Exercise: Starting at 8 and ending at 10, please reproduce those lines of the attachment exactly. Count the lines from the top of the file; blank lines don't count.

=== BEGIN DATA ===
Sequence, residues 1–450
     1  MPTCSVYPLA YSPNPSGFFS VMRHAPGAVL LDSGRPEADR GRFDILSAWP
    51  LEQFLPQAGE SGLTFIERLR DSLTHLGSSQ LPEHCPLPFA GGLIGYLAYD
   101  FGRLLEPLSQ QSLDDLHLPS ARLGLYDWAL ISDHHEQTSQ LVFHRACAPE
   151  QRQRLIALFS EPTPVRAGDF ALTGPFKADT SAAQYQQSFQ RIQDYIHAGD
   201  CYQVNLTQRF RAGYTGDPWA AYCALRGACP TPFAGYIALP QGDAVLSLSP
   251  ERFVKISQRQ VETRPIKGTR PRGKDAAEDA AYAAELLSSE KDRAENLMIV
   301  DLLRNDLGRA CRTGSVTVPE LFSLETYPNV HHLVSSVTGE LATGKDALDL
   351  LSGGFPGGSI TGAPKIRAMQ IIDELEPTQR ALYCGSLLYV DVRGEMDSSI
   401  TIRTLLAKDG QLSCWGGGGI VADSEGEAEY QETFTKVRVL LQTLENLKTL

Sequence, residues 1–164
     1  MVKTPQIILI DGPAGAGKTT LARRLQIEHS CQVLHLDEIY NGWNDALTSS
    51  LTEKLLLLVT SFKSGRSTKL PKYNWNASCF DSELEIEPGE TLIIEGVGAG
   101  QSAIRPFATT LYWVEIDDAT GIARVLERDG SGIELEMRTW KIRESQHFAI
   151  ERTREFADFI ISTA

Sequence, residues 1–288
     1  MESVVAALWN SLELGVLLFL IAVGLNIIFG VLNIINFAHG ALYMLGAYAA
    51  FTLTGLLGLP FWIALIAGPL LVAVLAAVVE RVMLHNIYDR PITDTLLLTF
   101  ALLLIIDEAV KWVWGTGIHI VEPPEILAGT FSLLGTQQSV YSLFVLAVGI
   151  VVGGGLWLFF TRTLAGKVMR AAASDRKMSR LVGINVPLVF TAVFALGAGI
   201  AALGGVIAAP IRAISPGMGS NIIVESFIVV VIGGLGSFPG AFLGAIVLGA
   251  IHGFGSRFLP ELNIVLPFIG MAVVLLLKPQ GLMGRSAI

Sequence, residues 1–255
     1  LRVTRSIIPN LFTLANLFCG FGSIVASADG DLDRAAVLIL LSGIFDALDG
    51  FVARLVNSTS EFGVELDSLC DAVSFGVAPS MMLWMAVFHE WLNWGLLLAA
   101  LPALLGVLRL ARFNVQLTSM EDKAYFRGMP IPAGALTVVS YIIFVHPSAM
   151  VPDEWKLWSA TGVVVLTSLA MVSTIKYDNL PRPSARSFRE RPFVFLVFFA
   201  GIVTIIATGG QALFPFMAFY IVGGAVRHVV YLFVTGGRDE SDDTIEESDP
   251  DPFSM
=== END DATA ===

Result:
   301  DLLRNDLGRA CRTGSVTVPE LFSLETYPNV HHLVSSVTGE LATGKDALDL
   351  LSGGFPGGSI TGAPKIRAMQ IIDELEPTQR ALYCGSLLYV DVRGEMDSSI
   401  TIRTLLAKDG QLSCWGGGGI VADSEGEAEY QETFTKVRVL LQTLENLKTL